The observations of Luongo in the years of his career show he is a top goalie, even if he has had some recent problems. It is most reasonable to expect he will remain a top goalie into the future.
It`s very early in the season, but how has he done so far?
One of the biggest highlights of the upcoming season during the summer was the return of the Winnipeg Jets. Winnipeg has been very happy to see NHL hockey return, but the results on the ice have not been so good. The Jets are only three games into the season, but they are stuck in last place. They have lost all three of their outings so far. The Jets lost their season opener 5-1 against Montreal. Their closest game was a 4-3 loss to Chicago. Most recently they have lost 4-1 to Phoenix. All told, Winnipeg has allowed 13 goals and scored only five. This isn’t a good start and it will likely be a long season.
The Atlanta Thrashers were not a particularly good team before moving to Winnipeg. There were five teams who were worse than them in last year’s standings. This year’s team in Winnipeg will have a bigger problem with travel being stuck in the Southeast Division.
Creative accounting is a part of the NHL in its salary cap era. The Philadelphia Flyers have a method that is unique to them to exceed the salary cap. They do not buyout players. Instead they permanently transfer them to the longterm injury reserve. Any player who has had a lengthy NHL career has some kind of recurring injury problem that can be played up and turned into a longterm ailment. This allows the team to pay out the injured player’s salary to a new replacement player. If the player was bought out, there would be dead salary cap space that couldn’t be used.
Mike Rathje is the best example of this. He last played 18 games in the beginning of the 2006/07 season and remained on the Flyers injury reserve until 2010 when his contract ended. Derian Hatcher spent the entire 2008/09 season on the injured reserve until his contract ended. Both of these players never played again and provided needed salary cap relief with their injuries.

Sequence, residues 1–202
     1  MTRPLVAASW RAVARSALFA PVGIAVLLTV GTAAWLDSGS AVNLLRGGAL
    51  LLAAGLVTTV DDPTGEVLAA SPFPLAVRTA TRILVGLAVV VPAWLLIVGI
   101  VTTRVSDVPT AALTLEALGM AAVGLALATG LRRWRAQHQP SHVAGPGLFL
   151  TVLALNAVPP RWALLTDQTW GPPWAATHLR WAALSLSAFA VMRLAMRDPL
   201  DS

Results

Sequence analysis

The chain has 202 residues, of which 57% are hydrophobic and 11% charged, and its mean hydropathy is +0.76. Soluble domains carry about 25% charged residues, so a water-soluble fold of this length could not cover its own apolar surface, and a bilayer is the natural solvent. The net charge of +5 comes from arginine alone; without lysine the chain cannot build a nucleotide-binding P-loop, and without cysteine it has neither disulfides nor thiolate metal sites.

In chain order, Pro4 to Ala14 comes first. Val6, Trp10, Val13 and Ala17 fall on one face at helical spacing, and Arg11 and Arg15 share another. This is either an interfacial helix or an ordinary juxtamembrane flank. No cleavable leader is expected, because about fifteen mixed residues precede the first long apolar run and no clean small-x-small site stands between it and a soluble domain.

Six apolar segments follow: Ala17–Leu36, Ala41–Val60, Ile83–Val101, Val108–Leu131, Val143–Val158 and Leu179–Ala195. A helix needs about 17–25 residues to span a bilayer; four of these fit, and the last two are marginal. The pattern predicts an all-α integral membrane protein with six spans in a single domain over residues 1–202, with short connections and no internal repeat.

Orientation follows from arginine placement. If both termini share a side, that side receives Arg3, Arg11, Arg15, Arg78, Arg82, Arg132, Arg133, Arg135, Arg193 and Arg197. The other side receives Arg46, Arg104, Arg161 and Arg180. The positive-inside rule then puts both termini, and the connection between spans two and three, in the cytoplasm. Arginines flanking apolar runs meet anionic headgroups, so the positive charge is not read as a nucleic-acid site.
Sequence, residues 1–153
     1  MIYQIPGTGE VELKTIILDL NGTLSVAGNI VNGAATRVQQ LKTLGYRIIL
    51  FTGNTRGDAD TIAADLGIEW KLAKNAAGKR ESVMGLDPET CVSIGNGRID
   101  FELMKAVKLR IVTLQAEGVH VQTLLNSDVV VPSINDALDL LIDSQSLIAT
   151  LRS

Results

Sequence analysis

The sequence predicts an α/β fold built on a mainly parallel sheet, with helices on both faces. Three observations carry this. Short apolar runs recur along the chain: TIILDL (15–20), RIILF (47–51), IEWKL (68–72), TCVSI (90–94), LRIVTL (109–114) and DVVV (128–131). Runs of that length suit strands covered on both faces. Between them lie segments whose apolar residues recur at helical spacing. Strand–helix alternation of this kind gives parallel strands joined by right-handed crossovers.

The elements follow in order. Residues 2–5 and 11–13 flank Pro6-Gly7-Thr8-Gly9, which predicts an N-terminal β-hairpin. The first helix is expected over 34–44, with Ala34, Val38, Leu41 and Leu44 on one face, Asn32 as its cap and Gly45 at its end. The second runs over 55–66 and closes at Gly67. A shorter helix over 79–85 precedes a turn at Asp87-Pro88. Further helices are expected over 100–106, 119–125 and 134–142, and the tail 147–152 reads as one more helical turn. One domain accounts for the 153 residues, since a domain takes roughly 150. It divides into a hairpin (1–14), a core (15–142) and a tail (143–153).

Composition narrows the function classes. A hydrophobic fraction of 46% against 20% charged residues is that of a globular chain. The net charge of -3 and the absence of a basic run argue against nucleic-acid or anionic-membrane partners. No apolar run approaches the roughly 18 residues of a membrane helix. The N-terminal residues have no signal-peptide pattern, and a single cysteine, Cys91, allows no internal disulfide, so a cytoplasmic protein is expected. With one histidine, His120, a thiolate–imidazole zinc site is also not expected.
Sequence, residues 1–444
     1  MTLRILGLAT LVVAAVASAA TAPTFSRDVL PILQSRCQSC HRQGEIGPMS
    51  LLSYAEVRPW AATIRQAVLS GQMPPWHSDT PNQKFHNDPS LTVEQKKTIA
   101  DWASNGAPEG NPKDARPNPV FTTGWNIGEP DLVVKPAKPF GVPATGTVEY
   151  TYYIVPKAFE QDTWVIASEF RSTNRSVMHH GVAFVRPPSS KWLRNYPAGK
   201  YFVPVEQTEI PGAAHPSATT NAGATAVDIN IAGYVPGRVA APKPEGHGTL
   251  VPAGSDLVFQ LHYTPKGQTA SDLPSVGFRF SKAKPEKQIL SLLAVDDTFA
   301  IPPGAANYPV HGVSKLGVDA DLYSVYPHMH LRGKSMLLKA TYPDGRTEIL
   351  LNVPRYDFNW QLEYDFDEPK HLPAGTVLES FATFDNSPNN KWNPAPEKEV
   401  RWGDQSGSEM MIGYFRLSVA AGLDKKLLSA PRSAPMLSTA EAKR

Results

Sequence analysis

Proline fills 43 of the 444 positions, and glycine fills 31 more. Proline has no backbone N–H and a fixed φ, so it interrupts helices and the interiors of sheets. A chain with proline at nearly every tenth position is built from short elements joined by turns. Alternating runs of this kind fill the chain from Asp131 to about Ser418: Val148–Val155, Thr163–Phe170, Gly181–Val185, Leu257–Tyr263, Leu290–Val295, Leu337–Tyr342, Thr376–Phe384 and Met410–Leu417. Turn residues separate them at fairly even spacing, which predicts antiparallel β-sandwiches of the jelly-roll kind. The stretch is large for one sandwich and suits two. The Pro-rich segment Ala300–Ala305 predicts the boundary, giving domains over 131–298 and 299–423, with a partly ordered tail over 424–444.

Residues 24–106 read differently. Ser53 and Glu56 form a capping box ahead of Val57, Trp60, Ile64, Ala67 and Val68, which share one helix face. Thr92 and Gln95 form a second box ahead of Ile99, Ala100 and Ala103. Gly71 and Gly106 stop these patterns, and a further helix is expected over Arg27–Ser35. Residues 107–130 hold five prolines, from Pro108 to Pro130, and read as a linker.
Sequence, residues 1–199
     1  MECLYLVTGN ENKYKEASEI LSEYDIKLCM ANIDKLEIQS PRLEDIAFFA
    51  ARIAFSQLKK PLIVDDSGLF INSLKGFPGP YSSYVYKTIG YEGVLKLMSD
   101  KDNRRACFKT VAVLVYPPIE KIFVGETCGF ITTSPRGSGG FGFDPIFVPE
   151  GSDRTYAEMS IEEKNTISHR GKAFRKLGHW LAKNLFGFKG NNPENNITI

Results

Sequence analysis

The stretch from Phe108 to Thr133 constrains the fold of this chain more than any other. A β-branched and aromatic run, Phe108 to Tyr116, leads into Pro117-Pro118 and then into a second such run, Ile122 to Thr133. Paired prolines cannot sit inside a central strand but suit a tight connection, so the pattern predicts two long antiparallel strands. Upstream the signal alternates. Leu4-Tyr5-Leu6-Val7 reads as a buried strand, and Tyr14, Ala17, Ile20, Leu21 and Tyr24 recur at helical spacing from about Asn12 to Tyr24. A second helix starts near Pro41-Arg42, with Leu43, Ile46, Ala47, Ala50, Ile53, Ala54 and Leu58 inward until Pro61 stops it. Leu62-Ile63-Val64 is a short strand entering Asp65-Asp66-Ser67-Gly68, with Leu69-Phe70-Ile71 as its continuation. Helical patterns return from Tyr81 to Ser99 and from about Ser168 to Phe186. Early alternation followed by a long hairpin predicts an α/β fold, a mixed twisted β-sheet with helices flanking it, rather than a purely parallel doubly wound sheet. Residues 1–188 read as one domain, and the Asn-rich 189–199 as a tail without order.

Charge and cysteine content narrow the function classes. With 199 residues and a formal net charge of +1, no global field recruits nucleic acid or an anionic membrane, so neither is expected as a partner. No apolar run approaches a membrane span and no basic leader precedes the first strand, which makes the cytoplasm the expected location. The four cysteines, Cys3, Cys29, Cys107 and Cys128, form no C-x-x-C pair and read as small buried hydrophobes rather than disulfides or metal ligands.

I liked to track the leaders for the NHL awards as the season progresses. It is interesting to see the progression of award leaders as the season progresses. At what point does the eventual winner become the front runner? At what point do the surprise players who were not expected to be in the race fade away?
In order to do this I must pick award leaders as soon as they become clear. With that in mind today I am picking the first Hart Trophy leader for 2011/12. He is Kari Lehtonen of the Dallas Stars. Lehtonen has been the best player in the league so far this season. He leads the NHL with a .966 saves percentage and is second with a 1.30 GAA. This is despite the fact he has more saves than any other goalie in the league and he has three games played while a few other goalies have four.
The salary cap is a tool to keep team expenses down, as teams cannot exceed a certain payroll. Conversely a salary floor is a tool to keep team expenses up. The most significant flirt with the salary floor has been the Dallas Stars. The team is going through bankruptcy and is trying to keep expenses down. They had a bit of a crisis when Sean Avery was sent to the minors by the New York Rangers. The Rangers had claimed Avery from the Stars on re-entry waivers and as such the Stars had half of his salary cap hit ($1.9375 million) count toward them. With Avery in the minors his salary cap hit disappeared and Dallas was in salary floor difficulty. They got short term relief when Adam Pardy was injured. This allowed Philip Larsen onto their roster. The problem is Pardy is expected to come back soon.
The solution was to trade for Eric Nystrom from the Minnesota Wild, but to do it in the way to make his salary cap hit as big as possible.
About The Puck Stops Here
Who am I? A diehard hockey fan.